Jane: How are you settling in to the new job and new city?
Kris: We had some family in Brisbane, so it’s always been a place we’ve thought about relocating to at some stage. Over the last decade, it’s had this incredible rise in cultural facilities and companies, and in the food and wine industries. So it’s become a city with a lot of attraction for people now. We love it.
Do you have any big changes planned for the Powerhouse?
It’s not really about changes, it’s about looking at what’s been successful here and what people love about it. Making sure as broad an audience as possible has a chance to engage with it. There’s a lot of incredibly successful things we do around live music, comedy, contemporary performance, and even film events. Some ways our biggest challenge is on the same string – we’re really diverse for the board audience we appeal to. We are doing something that is really present and contemporary, and that’s what people want to come here for; for the best of Brisbane but also for the best of this moment. We’re never going to be a museum. We’re never going to be a place that does grand opera and ballet. That’s not the point of us. It’s about what’s exciting people right now.
Will you still be drawing from local talent?
Absolutely! One of the things that most interests me is how we can invest in Brisbane and it’s creators. I think there’s a weird thing here – I’d don’t if it’s modesty or even a lack of confidence – the city has changed faster in some ways than maybe some of the people have. There’s kind of a hangover of our past that isn’t really true anymore. I think we can have a lot more individual pride in what we’re making and creating. I think sometimes you need an outsider to come in and say, “That show that’s coming in from Sydney or Melbourne is not any better than what we’re doing here”. Let’s celebrate by taking our city to the world instead of always bringing stuff from elsewhere here. Being able to find really tangible ways we can support people making things in Brisbane is really important to us.
Speaking of interesting work, as you know, there was recently a massive reaction to one of the Queer Film Festival posters depicting two men in a loving embrace, resulting in it being removed from city signs. What did you think of the reaction to this?
I kind of got caught in the middle of it. It’s one of those things where you make a comment and then immediately think, “I just want to start walking backwards out of the room”. This is the first time in the history of the Powerhouse there’s been a situation like this. We obviously disagreed, respectfully, and were disappointed. I think we underestimated how sensitive the image was. But it’s a queer film festival for god sake! We’ve never felt any pressure to modify any of our programming and still don’t. It doesn’t change the programming going forward.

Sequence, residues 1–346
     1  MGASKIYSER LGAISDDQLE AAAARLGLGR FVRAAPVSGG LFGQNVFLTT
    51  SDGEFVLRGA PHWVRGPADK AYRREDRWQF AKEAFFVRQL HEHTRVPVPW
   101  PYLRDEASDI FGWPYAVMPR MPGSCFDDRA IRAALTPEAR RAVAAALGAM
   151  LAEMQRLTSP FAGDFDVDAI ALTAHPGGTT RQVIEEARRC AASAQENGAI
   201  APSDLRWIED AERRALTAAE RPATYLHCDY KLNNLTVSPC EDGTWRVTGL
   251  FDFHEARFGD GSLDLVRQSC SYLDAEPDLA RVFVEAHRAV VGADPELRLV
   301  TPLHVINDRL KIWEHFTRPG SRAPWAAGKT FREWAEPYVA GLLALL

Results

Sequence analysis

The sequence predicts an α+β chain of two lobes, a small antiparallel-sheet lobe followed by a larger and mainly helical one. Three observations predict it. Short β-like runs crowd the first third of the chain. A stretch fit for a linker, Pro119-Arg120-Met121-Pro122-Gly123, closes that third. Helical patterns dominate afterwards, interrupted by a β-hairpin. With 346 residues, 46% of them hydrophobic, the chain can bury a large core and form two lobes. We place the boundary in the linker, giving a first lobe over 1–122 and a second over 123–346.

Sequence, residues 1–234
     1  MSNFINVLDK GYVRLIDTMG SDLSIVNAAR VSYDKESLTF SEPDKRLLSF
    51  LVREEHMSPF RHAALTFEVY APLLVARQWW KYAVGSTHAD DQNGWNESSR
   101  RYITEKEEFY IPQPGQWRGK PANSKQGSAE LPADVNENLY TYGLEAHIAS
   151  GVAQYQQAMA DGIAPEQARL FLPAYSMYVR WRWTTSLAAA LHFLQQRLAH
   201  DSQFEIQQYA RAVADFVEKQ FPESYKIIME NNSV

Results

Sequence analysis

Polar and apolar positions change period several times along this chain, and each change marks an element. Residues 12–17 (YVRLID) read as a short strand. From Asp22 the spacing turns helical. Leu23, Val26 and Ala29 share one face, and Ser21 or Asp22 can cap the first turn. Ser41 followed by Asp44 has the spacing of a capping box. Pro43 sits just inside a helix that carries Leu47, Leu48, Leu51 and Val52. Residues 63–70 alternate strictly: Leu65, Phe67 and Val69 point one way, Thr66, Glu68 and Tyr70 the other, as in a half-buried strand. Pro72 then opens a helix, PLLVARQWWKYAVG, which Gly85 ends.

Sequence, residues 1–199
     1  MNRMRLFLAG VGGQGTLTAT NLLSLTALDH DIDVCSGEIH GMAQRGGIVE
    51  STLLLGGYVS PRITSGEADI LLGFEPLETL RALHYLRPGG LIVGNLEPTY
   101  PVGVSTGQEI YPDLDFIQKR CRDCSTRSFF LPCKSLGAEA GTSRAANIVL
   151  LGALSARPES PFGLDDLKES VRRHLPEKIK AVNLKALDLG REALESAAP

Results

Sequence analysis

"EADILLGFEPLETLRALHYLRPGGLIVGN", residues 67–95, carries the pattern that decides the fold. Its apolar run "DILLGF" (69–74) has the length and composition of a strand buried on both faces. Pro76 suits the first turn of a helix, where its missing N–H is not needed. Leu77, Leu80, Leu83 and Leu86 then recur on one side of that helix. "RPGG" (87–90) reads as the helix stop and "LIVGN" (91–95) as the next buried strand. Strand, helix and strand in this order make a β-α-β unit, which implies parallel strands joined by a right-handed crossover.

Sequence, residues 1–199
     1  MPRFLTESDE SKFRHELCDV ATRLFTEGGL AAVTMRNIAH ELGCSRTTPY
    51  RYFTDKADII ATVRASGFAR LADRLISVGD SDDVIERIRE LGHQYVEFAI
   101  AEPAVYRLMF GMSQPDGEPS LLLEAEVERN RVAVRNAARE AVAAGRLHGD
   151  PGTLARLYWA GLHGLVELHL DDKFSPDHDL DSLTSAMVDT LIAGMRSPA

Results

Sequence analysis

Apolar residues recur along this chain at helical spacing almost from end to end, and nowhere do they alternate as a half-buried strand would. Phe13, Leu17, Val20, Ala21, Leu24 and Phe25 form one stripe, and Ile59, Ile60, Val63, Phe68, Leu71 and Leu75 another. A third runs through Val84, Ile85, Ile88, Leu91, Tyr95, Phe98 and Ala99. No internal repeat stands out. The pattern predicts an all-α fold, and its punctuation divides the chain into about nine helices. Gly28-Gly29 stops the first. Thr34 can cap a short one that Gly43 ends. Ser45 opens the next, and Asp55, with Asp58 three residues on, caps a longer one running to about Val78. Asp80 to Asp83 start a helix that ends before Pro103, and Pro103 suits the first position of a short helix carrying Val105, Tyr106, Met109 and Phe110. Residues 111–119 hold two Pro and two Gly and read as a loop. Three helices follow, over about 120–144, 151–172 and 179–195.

You’ve had a fantastic career in musical theatre – including directing Wicked in Australia. Can we expect any musical theatre influences at the Powerhouse?
Probably. I was chatting to someone the other day and they used the phrase, “pop culture intellectual”. I thought, “You know what? I’d love for that to be on my gravestone”. Because I love pop culture! I make no apologies at all for doing stuff people might want to see. Not everything commercial is good art but quite often all good art is commercial. If things are good in their nature they are speaking to people. That doesn’t mean we’re suddenly going to roll out boring revivals of musicals of the 50’s, but we are going to look at how contemporary music, dance and theatre merge in together. Because most people now dabble across a lot of stuff. People are interested in dance, they’re interested in fashion, in film. It’s really rare someone says, “I’m actually only interested in 19th century literature” (laughs). We all have really broad tastes. So we want to look at stuff that engages broad audiences and how can we shine a light on who’s really exciting within that.
So anymore directing planned?
I think so. Not necessarily this year. One of the things we’re really trying to do is partner with other venues and institutions in Brisbane. I don’t want to dive straight in because I want to make sure things feel secure. I still feel like a new boy in town. I don’t want to immediately start here, start directing the shows and have people say, “Oh that guy just hired himself to do all of his shows”. But I am excited about opportunities to work closely with the performers here.